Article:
wash the scene and keep it vivid, live,
connected. There’s no race there’s only
a runner.

—Brooklyn, June 2015

Notes and Credits

The opening photograph was taken during a raging snow storm on the F-Train’s Culver Viaduct overlooking Carroll Gardens and Red Hook. The train comes above ground briefly there to cross the Gowanus Canal, then diving back down underground in Park Slope. “Two of Us on the Run” is a song by the group Lucius, which formed and cut its teeth in my neighborhood here, Ditmas Park, Brooklyn. I saw Lucius at the Prospect Park Bandshell this summer and then I bought their CD over iTunes and had it on my phone while I took the subway to work over the last few weeks. Brilliant song, wonderful treatment, makes me wish I had a daughter to play it for, over and over again. And when I listen on the train, I think of all the stories traveling with, on the way somewhere in the city.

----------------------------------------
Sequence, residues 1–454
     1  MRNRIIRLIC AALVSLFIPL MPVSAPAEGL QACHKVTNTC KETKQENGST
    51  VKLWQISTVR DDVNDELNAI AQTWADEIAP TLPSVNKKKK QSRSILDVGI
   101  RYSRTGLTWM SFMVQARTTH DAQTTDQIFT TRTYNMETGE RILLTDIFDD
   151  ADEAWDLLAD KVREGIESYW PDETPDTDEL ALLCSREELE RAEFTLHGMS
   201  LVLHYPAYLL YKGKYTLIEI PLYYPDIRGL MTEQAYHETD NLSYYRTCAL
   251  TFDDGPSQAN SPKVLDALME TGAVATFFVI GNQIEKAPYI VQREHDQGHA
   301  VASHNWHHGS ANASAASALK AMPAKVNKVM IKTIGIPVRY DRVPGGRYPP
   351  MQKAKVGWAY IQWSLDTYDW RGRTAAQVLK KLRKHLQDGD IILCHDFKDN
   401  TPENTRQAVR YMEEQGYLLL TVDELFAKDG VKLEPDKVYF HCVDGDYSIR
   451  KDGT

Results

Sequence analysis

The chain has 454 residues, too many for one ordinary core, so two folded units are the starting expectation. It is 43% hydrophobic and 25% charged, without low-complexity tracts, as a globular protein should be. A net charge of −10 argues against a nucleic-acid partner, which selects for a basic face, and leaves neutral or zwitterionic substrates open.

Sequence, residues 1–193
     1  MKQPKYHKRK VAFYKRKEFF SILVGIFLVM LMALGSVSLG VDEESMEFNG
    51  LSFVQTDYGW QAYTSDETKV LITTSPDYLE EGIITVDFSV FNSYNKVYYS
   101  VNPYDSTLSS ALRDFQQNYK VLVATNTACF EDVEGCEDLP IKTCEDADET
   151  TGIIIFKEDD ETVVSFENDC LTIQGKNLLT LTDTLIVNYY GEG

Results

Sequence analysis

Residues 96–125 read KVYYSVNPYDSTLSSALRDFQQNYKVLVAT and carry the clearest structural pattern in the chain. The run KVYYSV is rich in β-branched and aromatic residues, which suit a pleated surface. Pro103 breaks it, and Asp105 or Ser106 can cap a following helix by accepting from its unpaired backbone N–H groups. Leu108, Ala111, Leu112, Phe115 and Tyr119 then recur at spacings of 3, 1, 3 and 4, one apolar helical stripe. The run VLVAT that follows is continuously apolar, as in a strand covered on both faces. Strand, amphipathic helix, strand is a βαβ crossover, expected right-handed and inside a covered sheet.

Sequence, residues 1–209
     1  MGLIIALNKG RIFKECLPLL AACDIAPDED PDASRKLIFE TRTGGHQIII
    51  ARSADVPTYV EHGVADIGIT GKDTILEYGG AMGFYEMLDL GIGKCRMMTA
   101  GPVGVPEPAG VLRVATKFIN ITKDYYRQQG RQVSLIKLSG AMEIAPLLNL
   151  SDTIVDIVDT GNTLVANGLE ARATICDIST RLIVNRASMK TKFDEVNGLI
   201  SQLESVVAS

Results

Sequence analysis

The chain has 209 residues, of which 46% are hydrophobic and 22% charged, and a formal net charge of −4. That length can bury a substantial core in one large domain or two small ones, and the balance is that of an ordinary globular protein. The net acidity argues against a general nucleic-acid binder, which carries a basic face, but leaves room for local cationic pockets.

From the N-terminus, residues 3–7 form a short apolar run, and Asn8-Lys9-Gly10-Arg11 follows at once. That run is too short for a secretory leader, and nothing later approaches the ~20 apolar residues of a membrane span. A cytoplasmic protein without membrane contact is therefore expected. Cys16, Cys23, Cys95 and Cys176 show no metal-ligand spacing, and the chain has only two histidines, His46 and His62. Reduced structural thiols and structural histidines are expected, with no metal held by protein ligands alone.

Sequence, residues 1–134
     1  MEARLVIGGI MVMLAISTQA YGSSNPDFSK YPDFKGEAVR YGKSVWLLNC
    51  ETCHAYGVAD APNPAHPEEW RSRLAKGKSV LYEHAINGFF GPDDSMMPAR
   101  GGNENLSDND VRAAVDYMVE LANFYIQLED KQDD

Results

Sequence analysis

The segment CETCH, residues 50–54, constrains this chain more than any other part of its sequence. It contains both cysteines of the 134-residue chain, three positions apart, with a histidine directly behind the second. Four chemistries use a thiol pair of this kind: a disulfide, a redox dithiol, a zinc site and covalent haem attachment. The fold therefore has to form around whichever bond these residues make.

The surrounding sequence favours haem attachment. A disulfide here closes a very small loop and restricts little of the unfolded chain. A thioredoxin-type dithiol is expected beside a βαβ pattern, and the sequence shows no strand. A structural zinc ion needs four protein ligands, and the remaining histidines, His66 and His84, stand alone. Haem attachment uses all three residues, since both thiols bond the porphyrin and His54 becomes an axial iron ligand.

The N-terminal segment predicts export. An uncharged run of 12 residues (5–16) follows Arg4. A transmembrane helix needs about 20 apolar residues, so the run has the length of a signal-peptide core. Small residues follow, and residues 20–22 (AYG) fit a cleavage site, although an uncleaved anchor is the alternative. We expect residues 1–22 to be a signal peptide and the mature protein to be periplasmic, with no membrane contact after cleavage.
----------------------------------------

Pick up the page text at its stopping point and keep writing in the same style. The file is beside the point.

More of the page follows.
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10 years later, we remember

The Parkside School, Brooklyn, New York, September 11, 2011

Ten years ago, I went to work early.  I was in the office before 8:00 am.  I taught political science at Augustana College in Rock Island, Illinois.  It was a beautiful blue-sky morning, and I hoped to get a lot of work done.  My wife was in St. Louis on a work trip, so I was on my own.  At some point in the morning, our Administrative Assistant, Jane, came running down the hall and ran into my office.